As I was running to yet another appointment I bumped into someone I hadn’t seen in a really long time.  She is someone whom I would rather have not run into.  I would be happy if I never saw her ever again.  In this lifetime, or the next.

She is a very sad woman.  She is a woman who is easily overwhelmed; she overthinks and over analyzes everything; she doesn’t laugh very often.  She looks like she doesn’t get enough sleep and doesn’t take time to care about her appearance.

I saw her and tried to avoid her gaze, but it was too late.  I was marveling at how much older she looked.  She now had gray hair sprouting at her temples.  She had more lines on her forehead, I am guessing from furrowing her eyebrows.  She had bags under her eyes, you can tell that she has been crying a lot.

We stared at each other for a long moment and I said “I remember you. And I remember how much I don’t like you.”

In the dark corner of my mind I heard her reply, “It’s not me that you don’t like.  You are back where you started and it’s turning you back into me.”

And then I washed my hands and exited the bathroom.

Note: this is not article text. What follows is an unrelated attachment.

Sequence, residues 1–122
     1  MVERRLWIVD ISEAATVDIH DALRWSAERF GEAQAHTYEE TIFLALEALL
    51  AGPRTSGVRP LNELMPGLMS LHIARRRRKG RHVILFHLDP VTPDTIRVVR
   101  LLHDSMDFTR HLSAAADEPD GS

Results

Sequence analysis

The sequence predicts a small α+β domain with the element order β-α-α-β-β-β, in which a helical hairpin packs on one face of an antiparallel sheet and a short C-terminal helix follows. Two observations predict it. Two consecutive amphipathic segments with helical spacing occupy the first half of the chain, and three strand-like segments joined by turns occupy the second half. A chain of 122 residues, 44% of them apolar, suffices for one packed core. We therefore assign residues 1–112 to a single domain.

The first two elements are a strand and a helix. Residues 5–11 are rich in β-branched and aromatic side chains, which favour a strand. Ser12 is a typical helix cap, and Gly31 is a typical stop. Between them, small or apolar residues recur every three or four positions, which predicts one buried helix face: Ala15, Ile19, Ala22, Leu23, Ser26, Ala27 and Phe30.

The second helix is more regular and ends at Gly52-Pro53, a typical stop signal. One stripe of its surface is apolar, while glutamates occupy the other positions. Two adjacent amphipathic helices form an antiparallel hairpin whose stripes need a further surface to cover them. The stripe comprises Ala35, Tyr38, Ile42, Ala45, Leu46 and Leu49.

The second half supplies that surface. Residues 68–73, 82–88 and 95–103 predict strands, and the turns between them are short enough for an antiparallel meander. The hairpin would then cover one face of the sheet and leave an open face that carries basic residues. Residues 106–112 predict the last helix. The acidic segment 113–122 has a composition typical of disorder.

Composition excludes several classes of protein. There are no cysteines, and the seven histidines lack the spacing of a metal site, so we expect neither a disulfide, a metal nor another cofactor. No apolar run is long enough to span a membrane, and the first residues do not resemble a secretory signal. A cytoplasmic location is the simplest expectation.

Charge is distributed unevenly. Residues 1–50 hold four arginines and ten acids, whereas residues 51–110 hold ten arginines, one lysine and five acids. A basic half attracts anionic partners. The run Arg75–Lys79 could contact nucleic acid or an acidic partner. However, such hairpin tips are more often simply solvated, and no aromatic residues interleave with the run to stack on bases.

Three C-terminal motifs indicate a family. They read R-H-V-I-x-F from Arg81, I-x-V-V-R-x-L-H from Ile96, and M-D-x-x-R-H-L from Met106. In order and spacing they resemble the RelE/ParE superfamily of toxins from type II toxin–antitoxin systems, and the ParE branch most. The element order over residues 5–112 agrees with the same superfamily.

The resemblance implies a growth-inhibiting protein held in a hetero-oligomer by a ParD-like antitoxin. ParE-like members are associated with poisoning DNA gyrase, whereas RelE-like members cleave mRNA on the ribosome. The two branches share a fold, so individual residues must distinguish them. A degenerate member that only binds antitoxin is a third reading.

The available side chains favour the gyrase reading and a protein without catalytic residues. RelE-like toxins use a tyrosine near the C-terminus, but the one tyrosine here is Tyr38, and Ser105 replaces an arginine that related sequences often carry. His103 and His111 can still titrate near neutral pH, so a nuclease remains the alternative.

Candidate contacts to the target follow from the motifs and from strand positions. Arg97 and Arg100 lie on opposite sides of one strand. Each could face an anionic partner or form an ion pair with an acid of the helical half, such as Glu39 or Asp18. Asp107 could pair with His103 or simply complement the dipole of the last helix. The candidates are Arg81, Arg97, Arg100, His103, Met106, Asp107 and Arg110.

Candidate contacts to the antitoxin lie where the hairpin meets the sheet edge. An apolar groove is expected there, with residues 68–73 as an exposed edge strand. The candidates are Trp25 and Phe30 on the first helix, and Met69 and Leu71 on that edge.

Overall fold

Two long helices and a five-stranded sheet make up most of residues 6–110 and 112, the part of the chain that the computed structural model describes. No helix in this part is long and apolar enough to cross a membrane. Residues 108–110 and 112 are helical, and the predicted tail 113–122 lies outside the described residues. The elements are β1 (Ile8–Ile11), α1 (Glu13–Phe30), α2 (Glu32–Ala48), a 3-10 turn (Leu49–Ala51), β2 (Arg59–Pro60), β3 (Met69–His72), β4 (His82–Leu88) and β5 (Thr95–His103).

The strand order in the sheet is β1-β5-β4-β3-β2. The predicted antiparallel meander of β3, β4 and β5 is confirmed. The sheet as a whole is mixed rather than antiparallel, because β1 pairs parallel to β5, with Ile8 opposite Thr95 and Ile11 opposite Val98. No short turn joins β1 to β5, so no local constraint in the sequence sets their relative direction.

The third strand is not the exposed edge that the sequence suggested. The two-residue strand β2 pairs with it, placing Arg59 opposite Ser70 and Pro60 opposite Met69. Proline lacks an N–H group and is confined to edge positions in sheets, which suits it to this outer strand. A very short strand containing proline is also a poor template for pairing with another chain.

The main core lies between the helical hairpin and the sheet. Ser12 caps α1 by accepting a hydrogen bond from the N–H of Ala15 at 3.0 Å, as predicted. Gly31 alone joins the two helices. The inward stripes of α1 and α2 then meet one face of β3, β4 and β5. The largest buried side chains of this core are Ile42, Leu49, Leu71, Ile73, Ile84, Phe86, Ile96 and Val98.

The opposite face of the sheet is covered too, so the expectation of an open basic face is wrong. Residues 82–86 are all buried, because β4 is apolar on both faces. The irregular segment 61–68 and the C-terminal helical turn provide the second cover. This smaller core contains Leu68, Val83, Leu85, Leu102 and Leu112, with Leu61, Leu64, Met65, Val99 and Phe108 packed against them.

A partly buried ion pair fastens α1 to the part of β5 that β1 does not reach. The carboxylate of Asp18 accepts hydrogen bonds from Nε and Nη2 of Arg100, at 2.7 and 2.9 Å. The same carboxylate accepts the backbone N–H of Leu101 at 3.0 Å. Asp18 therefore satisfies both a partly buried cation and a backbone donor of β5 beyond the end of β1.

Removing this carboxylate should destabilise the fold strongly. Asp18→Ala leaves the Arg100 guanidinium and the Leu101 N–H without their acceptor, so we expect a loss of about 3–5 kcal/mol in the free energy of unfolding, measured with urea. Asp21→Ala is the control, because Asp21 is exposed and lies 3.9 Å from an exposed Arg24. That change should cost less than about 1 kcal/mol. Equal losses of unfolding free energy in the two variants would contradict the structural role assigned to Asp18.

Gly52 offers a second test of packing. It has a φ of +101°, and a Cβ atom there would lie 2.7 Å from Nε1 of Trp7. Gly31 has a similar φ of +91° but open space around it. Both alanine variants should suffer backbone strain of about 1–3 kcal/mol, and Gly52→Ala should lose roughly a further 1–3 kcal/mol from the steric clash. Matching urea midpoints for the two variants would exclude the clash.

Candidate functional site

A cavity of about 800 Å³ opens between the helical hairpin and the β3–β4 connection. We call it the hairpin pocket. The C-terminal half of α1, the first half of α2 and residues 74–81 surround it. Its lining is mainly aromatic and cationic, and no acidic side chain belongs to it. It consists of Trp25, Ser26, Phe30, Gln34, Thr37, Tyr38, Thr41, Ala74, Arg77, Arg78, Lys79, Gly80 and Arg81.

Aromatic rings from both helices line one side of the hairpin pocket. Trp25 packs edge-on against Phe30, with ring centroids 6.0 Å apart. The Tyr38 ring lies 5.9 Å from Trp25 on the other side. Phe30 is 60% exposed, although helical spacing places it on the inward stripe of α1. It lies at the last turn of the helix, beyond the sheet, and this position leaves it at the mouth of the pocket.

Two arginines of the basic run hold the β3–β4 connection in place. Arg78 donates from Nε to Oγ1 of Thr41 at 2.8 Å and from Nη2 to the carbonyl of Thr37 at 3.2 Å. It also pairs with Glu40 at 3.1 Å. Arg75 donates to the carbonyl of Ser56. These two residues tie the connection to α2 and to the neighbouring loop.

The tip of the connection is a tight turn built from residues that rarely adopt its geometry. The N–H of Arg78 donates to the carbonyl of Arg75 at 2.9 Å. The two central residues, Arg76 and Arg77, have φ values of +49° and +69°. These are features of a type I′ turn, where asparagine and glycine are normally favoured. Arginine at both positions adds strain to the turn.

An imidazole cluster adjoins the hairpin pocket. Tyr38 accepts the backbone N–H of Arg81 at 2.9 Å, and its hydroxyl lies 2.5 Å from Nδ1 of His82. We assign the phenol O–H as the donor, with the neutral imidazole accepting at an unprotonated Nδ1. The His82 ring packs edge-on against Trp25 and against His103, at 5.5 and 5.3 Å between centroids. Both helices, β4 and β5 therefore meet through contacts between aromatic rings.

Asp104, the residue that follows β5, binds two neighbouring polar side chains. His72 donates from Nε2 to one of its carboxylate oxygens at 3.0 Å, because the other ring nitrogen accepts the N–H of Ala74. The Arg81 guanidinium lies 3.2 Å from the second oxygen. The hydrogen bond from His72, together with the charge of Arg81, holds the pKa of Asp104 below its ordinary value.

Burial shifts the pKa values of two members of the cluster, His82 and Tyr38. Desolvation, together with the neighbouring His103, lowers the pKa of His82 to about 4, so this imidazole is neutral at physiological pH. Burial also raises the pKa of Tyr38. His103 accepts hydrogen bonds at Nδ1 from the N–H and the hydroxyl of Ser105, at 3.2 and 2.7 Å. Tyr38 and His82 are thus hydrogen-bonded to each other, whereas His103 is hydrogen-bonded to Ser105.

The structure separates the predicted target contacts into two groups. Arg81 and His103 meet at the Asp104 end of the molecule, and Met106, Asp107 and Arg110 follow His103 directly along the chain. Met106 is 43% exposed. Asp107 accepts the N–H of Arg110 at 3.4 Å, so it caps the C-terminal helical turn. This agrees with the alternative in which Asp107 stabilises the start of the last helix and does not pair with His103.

As I sat in the waiting room waiting for my son’s name to be called, I couldn’t stop thinking about her.  About me.  How can this happen to me again?  I thought they outgrew all this prematurity stuff.

Thirteen years ago, I gave birth to premature twins.  31 week survivors.  And while we have our share of medical setbacks, I knew that we got off relatively easy.  We were ‘lucky’.

We were spared any serious neurological damage or delays.  Milestones were met, maybe a month or two behind at times, but nothing substantial.  Here they are today, standing beautiful and handsome at 13 years old.  Teenagers in 7th grade.  One child is on high honor roll, the other on honor roll.  We are so lucky.

But looking back, the first 2.5 years of their lives, we lived a nightmare. Our days and nights were filled with doctor’s appointments, needles, crying children, a hysterical new mom and with an ever growing list of diagnoses, some of which we had never heard of: Respiratory Syncytial Virus, Kawasaki Disease, venous malformation, lymphatic malformation.

While trying desperately to keep my children healthy and trying to learn about these rare syndromes and diseases, I became that woman whom I detest.  That woman who got lost in trying to keep up with all the medical jargon that the specialists were throwing around, while trying to keep sane, manage working a full-time job while dealing with 2 small babies who were quickly becoming medically complex.  I lost myself in all that.  I became ‘that’ woman.

But over time things began to settle.  It wasn’t perfect, but it became our ‘normal’.  The best way I can describe it is to picture me in a busy diner trying to carefully balance a tray of dishes that are deliberately stacked in tidy little piles.  Everything on that tray is positioned in a very deliberate order so that things make sense and that the tray is not overburden or confusing.